Request: Please bear with me on the complex looking title for this blog post. That is the closest I could get to explain what I want to explain.
Any job you take, there are two kinds of skills that you will work with
1. Core Skills – that help you with your core job. If you are in software, than that would be programming, design, testing etc.
2. Portable Skills – you might also call them supporting skills. “Support” here is sort of “over-loaded” meaning they are supporting you to help you get your job done and they are also supporting you to grow. These skills usually go the background. Examples of them are communicating well, working with teams, leadership, conflict resolution etc.
If you lack in core skills, you will suffer in the short-term.
If you lack in portable skills, you will suffer in the long-term.
If you lack in core skills, others will notice you immediately and it hurts.
If you lack in portable skills, you will not STAND OUT of the crowd. It sill hurts but in the short-term.
Rarely does your employer spends time, energy and effort to get you better at your portable skills. They want you to perform well in your core skills but they expect that you to develop your portable skills on your own. A small percentage of them will develop them anyway and they start growing in their careers and the others fade away. So there is no “extra effort” required by employers to do something special for employees. Statistically, things just work out fine for employers.
However, it is YOU who have to take care of yourself as it is your life.
Here is one way to take care of yourself – increase granularity of your portable skills.
Granularity is the relative size, scale, level of detail, or depth of penetration that characterizes an object or activity. If you don’t focus, your portable skills are typically less granular than your core skills simply because anything short-term takes over anything long-term. You have to force yourself to increase the granularity. How do you do it? By giving equal importance to your core skills and portable skills development. It seems easy but it’s not. Since there is no external pressure to improve your portable skills (your employer wants you to deliver flawlessly with your core skills and they expect you to have “enough” portable skills to support this) it is only YOU that can take some solid action.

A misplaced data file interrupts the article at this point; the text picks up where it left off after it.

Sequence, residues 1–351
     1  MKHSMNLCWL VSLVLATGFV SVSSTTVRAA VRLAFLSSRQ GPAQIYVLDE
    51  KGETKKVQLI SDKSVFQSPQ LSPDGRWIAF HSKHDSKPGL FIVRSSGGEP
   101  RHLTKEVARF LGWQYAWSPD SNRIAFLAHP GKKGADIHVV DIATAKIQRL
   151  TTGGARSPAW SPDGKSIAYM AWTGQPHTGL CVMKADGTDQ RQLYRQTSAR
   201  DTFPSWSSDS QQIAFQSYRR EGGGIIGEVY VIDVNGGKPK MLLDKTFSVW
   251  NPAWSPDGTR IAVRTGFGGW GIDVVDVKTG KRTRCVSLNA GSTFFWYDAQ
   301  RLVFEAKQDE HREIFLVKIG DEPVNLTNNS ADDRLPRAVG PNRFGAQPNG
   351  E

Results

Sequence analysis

There is enough material online and offline to take you to the next level on your portable skills. What is lacking is awareness to make this important in your life, motivation to do something about it, action (actually doing something about it) and sustenance (to continue to keep at it)
Note 1: Here is a Squidoo lens that links to most of the previous articles in this series:
Squidoo: Distinguish Yourself
Note 2: The first 25 entries in the series have been packaged in a ChangeThis manifesto that was published on September 07, 2005. You can download that manifesto here:
ChangeThis Manifesto: 25 Ways to Distinguish Yourself (PDF, Free)
Note 3: My latest manifesto on ChangeThis was published on August 6, 2008. This is a photographic manifesto featuring 15 of my mini sagas (stories in exactly 50 words). Here is the link:
ChangeThis Manifesto: Mini Sagas – Bite Sized Lessons for Life and Business (PDF, Free)